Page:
All cars must have a valid MOT certificate issued by the government to be legally declared roadworthy. If you want to drive on UK roads, you must have it, too.
This guide covers all MOT-related questions so that you know what to expect, how to prepare, and what to do. There is a lot of information ahead, so let’s not waste time!
MOT actually stands for the Ministry of Transport, a government department in the UK responsible for the transport network in general and a number of isolated transport matters.
Driver and Vehicle Standards Agency (DVSA), also referred to as The Driver and Vehicle Licensing Agency (DVLA), is the body working under the Ministry of Transport and overseeing the testing.
MOT tests were introduced in 1960. At the time, the number and thoroughness of the checks were limited at the time. Some of the biggest changes to the requirements were introduced in May 2018. The new set of measures has rendered more than one million cars “dangerous” that year alone.
If your car is at least three years old and you want to drive on public roads in the UK, you must have an MOT test certificate. Failure to do so might cost you a fine of up to £1,000 and a few points on your licence.
Those who keep their cars in the garage don’t need an MOT but need to register the vehicle as off-road.
The purpose of an MOT is to confirm that a vehicle meets the minimum road safety levels. It also checks roadworthiness and exhaust emissions and whether any of these parameters go against UK law.
Most types of commercially available vehicles - from motorcycles and regular 5-seater cars to big lorries - need to be checked based on MOT test criteria. Thus, the government ensures none of the vehicles on the road are dangerous or potentially dangerous.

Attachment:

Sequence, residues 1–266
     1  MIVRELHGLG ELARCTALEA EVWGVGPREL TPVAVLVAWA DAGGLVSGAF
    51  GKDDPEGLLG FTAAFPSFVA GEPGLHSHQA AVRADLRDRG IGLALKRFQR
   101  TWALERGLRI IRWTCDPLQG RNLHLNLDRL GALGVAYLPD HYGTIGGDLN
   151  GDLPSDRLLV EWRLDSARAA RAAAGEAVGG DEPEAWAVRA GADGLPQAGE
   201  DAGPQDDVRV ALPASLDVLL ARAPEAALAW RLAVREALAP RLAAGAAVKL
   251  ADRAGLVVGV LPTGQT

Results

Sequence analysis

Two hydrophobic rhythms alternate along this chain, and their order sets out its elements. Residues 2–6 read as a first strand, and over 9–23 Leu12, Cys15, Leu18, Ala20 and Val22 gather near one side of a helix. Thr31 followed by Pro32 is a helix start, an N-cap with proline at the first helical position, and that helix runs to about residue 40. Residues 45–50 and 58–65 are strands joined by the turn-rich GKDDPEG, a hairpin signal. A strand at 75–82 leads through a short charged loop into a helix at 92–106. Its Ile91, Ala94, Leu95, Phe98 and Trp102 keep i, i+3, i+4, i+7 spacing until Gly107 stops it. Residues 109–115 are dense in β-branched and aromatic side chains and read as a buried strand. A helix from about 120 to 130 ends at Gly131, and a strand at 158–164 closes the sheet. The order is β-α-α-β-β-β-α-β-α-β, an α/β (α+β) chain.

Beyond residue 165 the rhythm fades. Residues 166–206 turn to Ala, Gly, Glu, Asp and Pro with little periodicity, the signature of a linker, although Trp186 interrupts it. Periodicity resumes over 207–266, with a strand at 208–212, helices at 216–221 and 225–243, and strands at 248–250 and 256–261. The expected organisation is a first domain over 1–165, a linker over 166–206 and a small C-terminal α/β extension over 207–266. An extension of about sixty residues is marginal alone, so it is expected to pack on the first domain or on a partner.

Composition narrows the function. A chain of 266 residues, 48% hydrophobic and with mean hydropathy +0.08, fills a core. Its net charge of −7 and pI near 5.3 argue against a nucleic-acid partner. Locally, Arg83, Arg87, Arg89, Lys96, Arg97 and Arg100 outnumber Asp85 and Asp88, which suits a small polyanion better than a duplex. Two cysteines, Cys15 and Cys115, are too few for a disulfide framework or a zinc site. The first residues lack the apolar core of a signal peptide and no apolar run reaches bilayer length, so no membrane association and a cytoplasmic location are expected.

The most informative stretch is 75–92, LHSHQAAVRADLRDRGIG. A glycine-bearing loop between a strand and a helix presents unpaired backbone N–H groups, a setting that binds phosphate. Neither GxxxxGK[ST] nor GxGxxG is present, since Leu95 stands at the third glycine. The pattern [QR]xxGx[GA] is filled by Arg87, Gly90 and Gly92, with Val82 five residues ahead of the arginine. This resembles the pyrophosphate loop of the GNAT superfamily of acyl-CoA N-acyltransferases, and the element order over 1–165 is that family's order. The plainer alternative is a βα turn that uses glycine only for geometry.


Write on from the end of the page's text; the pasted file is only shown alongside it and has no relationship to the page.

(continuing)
An authorised tester goes through most of the car components, specifically those that put drivers, passengers, and other road users at risk (if these components have defects and faults).
No, cars without an MOT are not considered to be in a drivable condition. As mentioned, you can receive a fine and penalty points if you drive a car without an MOT.
There are a few considerations and exceptions, though:
A car must pass an MOT check each year.
While the legal requirement is 12 months, there is actually no upper limit. If you have a couple of months before your next MOT, you can check it in advance. And if the test reveals some significant defects, you can fix them before that 12-month threshold.
Check out our other blog articles for more information about MOT and many other car-related issues. While you’re at it, consider checking our car finance calculator to have the details and terms without even visiting a dealership.
You need to bring an MOT appointment confirmation, current certificate, and V5С log book. The centre might also be able to retrieve all of these documents online, but it’s easier to carry paper-based documents.
MOT checks cover the exterior, interior, and underside of the vehicle. The first things that are looked at are the Vehicle Identification Number (VIN), which must be legible, and the registration plates, which must be secure and have the required format.
Other car components that are on the MOT test checklist include:
You will have a paper copy of your MOT certificate. Along with it, the DVSA will keep an electronic record of your test certificate.
If you are stopped by the police or just want to confirm your status, the electronic record should be enough. But if you’re planning to sell the car, it’s more convenient to carry the paper-based document because the general public can’t access DVSA records.
You can ask any MOT test centre to replace the paper certificate without making you pass the test again. Since they have access to DVSA records, they’ll be able to easily look up your status. You will need to provide the number of your original test or the V5C log book reference number.
Unfortunately, you can’t make this request online, so you’ll need to visit the garage.